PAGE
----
No Coverage for Negligent Supervision Claim (PA)
In Michele Kahana v. Allstate Vehicle and Property Ins. Co., the U.S. District Court for the Eastern District of Pennsylvania analyzed whether an auto insurer had a duty to defend and indemnify a claim of negligence per se arising out of an auto accident. The claim was asserted against Kahana, the mother of the minor decedent who was struck while walking alone after midnight while dressed in dark clothing. It was asserted that Kahana failed to supervise her minor child, leading to the accident.
Kahana subsequently tendered her defense to her auto insurer, GEICO Casualty Insurance (“GEICO”). After GEICO denied her claim for coverage, Kahana commenced the instant action seeking a declaration requiring GEICO to defend and indemnify her with respect to the negligent supervision claim.
GEICO filed a motion to dismiss Kahana’s claims, arguing that Kahana failed to state a claim for defense and indemnification under the unambiguous language of the insurance policy. To determine whether the auto policy provided coverage under the policy, the court applied long-standing Pennsylvania principals regarding insurance policy interpretation. In doing so, the court determined that the language of the auto policy was unambiguous.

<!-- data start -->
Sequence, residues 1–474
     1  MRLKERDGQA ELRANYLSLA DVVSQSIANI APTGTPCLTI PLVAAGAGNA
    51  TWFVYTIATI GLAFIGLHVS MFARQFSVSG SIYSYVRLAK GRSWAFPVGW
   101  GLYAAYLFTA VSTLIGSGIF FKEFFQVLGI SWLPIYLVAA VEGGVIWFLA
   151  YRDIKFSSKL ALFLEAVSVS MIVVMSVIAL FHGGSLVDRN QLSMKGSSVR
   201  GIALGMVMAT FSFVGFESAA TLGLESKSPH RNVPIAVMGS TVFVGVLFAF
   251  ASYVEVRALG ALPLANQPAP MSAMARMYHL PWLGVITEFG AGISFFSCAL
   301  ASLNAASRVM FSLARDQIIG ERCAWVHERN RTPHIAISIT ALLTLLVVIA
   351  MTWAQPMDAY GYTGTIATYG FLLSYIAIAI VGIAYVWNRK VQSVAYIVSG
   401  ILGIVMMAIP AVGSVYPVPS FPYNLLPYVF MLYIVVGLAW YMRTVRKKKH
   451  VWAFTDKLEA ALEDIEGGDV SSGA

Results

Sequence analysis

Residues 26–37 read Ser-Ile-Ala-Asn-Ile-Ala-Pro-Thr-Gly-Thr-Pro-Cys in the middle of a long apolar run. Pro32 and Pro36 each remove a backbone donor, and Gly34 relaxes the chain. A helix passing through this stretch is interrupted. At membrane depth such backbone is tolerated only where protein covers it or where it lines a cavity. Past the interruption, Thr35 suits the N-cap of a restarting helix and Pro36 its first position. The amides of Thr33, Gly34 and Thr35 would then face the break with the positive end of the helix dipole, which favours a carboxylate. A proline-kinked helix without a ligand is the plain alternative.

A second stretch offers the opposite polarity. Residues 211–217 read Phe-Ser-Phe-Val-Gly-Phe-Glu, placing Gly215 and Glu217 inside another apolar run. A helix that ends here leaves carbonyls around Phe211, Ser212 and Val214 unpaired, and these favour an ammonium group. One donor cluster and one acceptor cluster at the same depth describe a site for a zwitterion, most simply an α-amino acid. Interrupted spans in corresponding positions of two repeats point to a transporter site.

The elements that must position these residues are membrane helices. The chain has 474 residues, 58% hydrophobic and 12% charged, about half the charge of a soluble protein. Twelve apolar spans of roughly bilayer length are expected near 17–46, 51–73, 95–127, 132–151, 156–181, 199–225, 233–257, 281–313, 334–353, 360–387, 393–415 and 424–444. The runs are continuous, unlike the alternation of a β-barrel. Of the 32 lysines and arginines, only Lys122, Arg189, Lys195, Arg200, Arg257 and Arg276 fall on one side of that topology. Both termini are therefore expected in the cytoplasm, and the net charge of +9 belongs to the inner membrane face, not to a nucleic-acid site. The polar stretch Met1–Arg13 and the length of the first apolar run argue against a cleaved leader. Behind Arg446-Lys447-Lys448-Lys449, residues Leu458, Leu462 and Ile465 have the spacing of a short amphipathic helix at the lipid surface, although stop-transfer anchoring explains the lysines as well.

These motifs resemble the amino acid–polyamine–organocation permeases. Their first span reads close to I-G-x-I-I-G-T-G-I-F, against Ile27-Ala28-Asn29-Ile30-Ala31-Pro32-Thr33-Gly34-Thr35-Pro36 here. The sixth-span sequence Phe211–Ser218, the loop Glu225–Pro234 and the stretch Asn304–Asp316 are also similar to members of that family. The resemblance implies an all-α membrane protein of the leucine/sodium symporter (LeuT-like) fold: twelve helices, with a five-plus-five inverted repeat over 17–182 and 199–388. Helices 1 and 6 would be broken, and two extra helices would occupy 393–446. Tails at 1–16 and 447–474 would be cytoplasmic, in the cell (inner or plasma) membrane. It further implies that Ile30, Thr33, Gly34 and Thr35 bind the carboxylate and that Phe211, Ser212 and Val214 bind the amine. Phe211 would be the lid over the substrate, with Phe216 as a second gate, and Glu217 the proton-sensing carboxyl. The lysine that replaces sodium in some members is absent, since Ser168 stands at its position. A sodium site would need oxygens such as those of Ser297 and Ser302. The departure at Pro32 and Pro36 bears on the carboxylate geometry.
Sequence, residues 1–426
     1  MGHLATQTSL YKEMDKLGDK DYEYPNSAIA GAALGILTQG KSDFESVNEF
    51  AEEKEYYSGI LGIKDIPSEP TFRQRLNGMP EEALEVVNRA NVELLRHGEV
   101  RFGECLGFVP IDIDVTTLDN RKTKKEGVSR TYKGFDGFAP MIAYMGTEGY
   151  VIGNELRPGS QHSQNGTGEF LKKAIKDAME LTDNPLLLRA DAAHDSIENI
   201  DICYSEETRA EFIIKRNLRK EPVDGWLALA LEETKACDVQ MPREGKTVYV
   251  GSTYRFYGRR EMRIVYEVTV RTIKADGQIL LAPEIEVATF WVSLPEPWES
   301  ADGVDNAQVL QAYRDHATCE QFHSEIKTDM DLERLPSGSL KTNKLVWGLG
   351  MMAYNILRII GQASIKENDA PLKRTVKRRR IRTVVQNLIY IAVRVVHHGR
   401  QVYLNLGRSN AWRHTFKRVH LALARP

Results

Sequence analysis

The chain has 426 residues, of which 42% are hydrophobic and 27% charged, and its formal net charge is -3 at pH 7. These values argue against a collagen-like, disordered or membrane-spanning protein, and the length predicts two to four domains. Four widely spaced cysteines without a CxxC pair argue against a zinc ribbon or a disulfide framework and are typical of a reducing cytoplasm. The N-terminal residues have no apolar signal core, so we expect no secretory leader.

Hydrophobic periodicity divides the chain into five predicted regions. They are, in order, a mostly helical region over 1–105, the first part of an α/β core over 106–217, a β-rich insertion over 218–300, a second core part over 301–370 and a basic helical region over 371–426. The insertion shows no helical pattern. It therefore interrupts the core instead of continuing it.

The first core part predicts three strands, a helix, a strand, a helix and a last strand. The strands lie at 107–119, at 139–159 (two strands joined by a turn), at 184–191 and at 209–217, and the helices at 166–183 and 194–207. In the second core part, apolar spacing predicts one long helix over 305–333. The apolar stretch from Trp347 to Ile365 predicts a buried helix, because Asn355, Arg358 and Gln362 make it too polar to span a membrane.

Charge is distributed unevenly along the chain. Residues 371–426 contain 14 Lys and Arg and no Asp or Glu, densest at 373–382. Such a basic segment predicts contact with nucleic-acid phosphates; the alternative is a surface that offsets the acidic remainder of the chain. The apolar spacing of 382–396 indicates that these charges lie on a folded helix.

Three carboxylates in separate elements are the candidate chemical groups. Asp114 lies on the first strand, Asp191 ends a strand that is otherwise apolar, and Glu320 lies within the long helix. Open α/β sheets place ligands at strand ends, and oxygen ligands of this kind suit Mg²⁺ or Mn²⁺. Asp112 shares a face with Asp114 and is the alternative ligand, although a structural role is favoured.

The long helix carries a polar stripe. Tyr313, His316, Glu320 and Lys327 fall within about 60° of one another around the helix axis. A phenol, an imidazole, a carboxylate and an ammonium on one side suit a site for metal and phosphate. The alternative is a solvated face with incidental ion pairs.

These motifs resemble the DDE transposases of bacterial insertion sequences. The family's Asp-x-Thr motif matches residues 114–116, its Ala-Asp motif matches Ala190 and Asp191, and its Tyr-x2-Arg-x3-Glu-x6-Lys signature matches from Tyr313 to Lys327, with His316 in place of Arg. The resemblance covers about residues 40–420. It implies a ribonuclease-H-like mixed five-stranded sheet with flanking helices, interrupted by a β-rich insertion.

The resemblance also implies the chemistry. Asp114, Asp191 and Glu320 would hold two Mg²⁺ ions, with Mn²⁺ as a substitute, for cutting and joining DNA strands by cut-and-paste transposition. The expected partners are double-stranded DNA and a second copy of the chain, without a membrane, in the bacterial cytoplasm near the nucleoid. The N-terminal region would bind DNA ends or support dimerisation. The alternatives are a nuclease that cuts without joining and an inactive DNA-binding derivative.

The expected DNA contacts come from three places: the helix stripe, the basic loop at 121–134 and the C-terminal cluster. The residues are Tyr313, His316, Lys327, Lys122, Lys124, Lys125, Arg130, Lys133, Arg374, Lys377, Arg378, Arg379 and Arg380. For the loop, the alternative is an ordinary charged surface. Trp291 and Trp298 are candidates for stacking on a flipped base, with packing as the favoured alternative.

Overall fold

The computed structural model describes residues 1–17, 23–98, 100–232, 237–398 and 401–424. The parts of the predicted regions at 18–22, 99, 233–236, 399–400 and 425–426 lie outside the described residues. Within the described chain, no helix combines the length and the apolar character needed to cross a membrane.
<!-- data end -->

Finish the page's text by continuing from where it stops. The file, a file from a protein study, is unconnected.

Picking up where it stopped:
Through this context, the court next analyzed whether the claims in the underlying lawsuit were covered by the policy. The court noted that the claim did not assert that Kahana “owned, maintained, or used a car involved in the fatal collision” as required by the plain and unambiguous language of the auto policy. Therefore, the court granted GEICO’s motion to dismiss. This case is an example of the importance of evaluating the plain language of the policy when determining coverage.
Thanks to Lauren Berenbaum for her contribution to this post. Please contact Heather Aquino with any questions.